PHOTO: The Oregon Holocaust Memorial was marred by Nazi graffiti May 1 or early May 2. The graffiti has been removed, but it was a reminder hate continues.
BY DEBORAH MOON
The Oregon Holocaust Memorial in Washington Park was defaced with Nazi graffiti on May 1.
“To use Nazi symbols to deface a Memorial dedicated to the millions who were murdered during the Holocaust recapitulates the hatred that drove the original genocide,” says Judy Margles, director of the Oregon Jewish Museum and Center for Holocaust Education, which is the steward for the Memorial.
“Portland police are vigorously investigating the crime incident and are currently reviewing all the evidence,” says Regional Security Director Gene Moss, who is based at the Jewish Federation of Greater Portland.
Just a month earlier, community leaders and elected officials, including Portland Mayor Ted Wheeler, gathered at the memorial for the annual Reading of the Names on Yom HaShoah, Holocaust Remembrance Day. This year, participants read the names of local survivors’ family members who were murdered in the Holocaust and are etched on the Memorial.
“The defacement of the Memorial affected all of us deeply and viscerally,” says Judy.
“Unfortunately, with anti-Semitism on the rise in our country, are we surprised?” asks JFGP President and CEO Marc Blattner.
Community support has been swift. On May 4, Mayor Wheeler called Blattner to express support for the Jewish community. And many have reached out to OJMCHE.
“We have been considerably heartened by the outpouring of support from museum friends, colleagues and concerned community members,” says Margles. “Shocking, disheartening and sickening are a few of the anguished words that we have received. But we’ve also been buoyed by the messages of hope, and it is, of course, the Memorial itself that offers us the most hope.”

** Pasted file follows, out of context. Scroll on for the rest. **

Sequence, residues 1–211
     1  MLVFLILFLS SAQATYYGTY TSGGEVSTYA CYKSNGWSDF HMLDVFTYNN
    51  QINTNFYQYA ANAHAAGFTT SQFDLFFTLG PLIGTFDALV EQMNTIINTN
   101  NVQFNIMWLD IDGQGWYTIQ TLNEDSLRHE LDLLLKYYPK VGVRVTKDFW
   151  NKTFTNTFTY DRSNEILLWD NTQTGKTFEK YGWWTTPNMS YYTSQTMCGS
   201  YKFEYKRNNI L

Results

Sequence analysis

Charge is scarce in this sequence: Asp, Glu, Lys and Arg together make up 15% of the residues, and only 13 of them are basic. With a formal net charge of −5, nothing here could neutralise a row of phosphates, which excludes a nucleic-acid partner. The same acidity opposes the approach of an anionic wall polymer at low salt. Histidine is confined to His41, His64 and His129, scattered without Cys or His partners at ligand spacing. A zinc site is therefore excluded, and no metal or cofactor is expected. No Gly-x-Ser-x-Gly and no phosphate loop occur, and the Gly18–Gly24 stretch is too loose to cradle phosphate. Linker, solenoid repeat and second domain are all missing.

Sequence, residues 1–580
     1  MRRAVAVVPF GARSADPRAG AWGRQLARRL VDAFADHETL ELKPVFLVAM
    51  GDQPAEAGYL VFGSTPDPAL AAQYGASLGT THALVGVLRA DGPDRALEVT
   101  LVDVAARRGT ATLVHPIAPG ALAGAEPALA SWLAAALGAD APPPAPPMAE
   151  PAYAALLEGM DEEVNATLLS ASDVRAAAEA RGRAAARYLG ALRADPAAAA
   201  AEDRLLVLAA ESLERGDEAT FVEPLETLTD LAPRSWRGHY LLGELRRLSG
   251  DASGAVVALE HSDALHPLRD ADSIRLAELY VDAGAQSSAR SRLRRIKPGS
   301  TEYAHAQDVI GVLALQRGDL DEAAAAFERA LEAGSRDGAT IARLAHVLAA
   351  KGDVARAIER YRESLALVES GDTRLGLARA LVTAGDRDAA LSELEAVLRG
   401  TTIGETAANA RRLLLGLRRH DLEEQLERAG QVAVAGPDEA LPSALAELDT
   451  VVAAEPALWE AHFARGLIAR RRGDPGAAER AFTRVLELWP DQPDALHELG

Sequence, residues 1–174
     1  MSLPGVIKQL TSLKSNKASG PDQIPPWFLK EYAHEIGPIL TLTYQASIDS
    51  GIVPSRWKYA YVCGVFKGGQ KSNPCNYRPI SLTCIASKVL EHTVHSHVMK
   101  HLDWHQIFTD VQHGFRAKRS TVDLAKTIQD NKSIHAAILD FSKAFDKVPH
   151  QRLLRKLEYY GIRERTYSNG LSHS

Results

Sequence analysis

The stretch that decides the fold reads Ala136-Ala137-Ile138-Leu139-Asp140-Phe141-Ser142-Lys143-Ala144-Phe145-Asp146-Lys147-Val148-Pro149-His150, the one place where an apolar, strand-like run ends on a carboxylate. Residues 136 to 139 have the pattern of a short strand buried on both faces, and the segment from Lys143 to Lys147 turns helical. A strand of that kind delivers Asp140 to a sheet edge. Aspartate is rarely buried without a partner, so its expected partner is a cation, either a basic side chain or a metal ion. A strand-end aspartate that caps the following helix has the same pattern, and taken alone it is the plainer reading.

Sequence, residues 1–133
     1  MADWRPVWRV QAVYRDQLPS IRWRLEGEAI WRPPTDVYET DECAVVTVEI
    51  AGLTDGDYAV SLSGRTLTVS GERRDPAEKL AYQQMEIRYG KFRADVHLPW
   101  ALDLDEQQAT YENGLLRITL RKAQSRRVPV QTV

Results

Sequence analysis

The vandalism occurred during Jewish American Heritage Month. A proclamation from the White House the same weekend as the vandalism articulated the incredible contributions Jews have made to our country, but it also noted: “Alongside this narrative of achievement and opportunity, there is also a history – far older than the Nation itself – of racism, bigotry and other forms of injustice. This includes the scourge of anti-Semitism. In recent years, Jewish Americans have increasingly been the target of white nationalism and the anti-Semitic violence it fuels.”
OJMCHE continues to teach the lessons of the Holocaust, to host difficult conversations and to shed light on the roots of hate. The graffiti is gone, and the Oregon Holocaust Memorial continues to honor the memory of those murdered in the Holocaust. While the pandemic has eliminated in-person group tours of the memorial, OJMCHE has created a virtual tour to share the Memorial’s message. Take the virtual tour at ojmche.org/teach-learn/oregon-holocaust-virtual-memorial-tour.
“The Memorial stands as a reminder to visitors why this can never happen again,” concludes Margles.